I believe it is a basic human right for people to be able to make their own choices when it comes to the cultivation of crops.
It is not a decision that should be taken by major corporations.
Christian Masset, Lantau
Switch off non-essential street lights
The era when you could still look up to the star-filled night sky in Hong Kong has gone.
Now the sky is obscured by bright street lights.
We have to accept that we now have a serious light pollution problem in the city, which is harming the environment and our health.
These lights use up an enormous amount of electricity and this contributes to global warming.
For some residents, the light pollution is something they have to deal with every night. If they live in brightly lit areas, they may have trouble sleeping.
The government must act. At the very least, it should ensure that those street lights that are not essential in residential areas are turned off.
Tang Wing-yiu, Sha Tin
Station could at least provide subtitles
In recent weeks, ATV World has broadcast a full-length movie in French; a documentary series on the causes of the worldwide financial meltdown in 2008 which was largely in English but with significant input from Christine Lagarde speaking in French; and a series of documentaries about aspects of the Soviet Union with some linking commentary in English but mostly from ex-Soviet citizens speaking in Russian.
I have no objection to a multi-lingual approach but suggest it would not be unreasonable to expect subtitles in English and/or Chinese, otherwise the comprehending audience must be very small and hardly justifies air time, certainly at the peak evening slot.
Unfortunately, my French is somewhat limited and my Russian non-existent.
Doug Miller, Tai Po
China should aim for equal relationship
I agree with those commentators who say that China's influence in Africa will continue to grow.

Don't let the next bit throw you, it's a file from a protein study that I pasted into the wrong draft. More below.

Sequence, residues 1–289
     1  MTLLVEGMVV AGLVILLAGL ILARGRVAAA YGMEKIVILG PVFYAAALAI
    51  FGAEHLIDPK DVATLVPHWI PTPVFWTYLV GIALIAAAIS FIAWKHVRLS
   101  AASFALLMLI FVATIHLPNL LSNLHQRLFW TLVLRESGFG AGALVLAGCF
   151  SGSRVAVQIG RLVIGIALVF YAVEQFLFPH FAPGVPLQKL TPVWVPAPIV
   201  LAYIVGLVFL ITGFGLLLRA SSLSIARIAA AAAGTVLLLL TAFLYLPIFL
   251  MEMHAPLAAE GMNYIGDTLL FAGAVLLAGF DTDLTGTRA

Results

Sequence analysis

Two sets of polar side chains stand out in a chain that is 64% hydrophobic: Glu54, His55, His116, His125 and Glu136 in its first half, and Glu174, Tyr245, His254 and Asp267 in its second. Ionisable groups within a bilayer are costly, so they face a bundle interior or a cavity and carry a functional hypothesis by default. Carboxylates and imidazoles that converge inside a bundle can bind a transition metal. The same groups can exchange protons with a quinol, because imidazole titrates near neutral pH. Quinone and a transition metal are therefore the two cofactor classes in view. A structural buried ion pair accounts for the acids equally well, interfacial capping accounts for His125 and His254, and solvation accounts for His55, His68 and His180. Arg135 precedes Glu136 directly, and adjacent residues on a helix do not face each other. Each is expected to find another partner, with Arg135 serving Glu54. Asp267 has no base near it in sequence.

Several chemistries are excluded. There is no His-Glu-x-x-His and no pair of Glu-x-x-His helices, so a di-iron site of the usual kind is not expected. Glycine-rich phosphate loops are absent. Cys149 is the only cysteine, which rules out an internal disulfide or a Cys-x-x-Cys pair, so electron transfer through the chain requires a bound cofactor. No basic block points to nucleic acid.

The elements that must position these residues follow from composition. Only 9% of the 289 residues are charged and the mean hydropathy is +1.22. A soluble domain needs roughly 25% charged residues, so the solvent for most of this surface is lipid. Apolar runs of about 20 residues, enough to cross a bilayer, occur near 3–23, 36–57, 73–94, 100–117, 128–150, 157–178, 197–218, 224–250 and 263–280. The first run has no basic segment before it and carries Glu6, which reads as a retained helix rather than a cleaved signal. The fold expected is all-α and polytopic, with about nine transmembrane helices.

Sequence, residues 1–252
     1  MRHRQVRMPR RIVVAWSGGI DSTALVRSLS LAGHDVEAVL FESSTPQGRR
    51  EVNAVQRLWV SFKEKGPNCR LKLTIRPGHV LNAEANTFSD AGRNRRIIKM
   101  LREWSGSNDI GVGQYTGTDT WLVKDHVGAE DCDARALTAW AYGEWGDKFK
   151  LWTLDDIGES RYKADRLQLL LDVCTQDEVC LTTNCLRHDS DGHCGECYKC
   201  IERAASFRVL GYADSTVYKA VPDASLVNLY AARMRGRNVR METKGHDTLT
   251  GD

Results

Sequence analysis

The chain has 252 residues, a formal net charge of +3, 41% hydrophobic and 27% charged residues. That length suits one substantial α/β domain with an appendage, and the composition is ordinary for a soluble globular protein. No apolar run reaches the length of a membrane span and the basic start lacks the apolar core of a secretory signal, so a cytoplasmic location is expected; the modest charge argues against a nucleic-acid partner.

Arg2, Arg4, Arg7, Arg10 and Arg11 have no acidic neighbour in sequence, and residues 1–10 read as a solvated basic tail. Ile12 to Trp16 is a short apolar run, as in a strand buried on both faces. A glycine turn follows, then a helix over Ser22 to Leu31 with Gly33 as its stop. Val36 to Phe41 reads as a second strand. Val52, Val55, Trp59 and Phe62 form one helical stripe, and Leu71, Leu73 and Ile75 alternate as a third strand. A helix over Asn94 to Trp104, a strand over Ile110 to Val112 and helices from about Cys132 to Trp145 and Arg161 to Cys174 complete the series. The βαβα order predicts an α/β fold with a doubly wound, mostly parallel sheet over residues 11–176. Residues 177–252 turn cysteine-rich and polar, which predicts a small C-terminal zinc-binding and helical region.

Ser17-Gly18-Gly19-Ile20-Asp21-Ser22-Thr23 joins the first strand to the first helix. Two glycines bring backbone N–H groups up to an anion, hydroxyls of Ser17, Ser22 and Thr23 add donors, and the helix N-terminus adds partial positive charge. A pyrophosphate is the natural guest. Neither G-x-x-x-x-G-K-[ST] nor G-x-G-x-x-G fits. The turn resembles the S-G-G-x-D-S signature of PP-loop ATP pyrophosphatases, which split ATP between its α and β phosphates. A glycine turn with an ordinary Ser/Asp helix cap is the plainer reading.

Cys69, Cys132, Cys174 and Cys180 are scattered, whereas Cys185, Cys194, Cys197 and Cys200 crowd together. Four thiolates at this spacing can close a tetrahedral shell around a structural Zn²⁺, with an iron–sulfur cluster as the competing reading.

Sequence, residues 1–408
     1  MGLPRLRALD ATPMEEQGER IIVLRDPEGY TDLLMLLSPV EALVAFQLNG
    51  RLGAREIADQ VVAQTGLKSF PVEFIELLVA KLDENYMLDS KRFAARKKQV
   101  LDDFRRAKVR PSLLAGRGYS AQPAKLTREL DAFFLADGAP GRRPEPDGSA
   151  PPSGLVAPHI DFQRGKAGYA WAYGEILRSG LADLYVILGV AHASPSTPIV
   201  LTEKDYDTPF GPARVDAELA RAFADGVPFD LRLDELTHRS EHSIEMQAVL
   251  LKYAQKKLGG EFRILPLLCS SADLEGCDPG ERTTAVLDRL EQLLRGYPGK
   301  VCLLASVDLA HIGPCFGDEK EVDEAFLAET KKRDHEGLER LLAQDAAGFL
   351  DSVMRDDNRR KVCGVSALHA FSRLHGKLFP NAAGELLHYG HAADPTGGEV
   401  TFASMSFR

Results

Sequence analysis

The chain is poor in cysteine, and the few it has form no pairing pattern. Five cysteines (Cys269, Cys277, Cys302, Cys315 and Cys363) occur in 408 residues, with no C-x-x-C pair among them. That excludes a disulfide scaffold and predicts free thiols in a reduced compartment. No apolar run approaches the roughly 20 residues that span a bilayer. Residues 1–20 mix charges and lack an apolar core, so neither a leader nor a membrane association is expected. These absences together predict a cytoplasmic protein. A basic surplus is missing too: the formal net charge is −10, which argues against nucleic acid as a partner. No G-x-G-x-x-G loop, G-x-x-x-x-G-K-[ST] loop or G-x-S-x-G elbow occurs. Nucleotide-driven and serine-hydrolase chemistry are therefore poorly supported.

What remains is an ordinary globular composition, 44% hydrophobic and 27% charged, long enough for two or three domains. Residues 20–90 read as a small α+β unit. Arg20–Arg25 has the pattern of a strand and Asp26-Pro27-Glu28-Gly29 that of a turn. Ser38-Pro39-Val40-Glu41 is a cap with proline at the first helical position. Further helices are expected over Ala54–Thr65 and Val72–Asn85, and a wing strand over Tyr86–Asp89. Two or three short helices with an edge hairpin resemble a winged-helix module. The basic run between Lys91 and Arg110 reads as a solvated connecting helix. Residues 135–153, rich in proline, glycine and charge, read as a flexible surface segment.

What we are seeing today is a new South-South co-operation between Africa and Asia. The world's economic centre of gravity is shifting east. The West has stood on the sidelines and watched its influence in Africa decline, while China has made tremendous investments on the continent.
Over the past decade, the Sino-African relationship has been symbiotic and mutually rewarding. Africa wants to grow robustly and the magnitude of its infrastructure needs is huge. Africa requires myriad resources from China, even for its agricultural produce. It cannot develop without China, and vice versa. China's hunger for African resources is voracious.
Without access to these resources, it is unlikely the country can sustain its current rates of economic growth. In short, China needs Africa.
Meanwhile, China's growing influence there is creating nervousness in the West and the rest of the world. India, Brazil, Russia and Turkey are now in serious competition with China to engage resource-rich Africa.
Chinese officials, if they are genuine in their desire for natural resources and expanding the trade relationship with Africa, should ameliorate the uneven nature of trade relations and promote a healthy equal relationship with African leaders.
China's influence on the continent will definitely continue to grow, but it will not be alone.
Emily Chan, Quarry Bay
Teens with anorexia need more help
Eating disorders among teenagers, including anorexia, are a serious problem in Hong Kong.
Young people can often be influenced by adverts where the message is that to be beautiful, you have to be thin.
Unfortunately teenage girls believe it especially when they see slim actresses on television. They develop a distorted perception of beauty.
They are also influenced by their peer group and can be misinformed by girls of their own age, especially if their friends are on a diet to stay slim.
Stress caused by a heavy school workload can also affect their appetite.
I feel that sometimes parents and teachers do not pay sufficient attention to this problem. They must realise, especially when it comes to anorexia, that it is serious.
Parents and teachers need to educate young people about the potential problems and help them to develop a positive attitude towards life.
Family support is always crucial for teenagers who are suffering from an eating disorder.
Zoe Lee, Tsuen Wan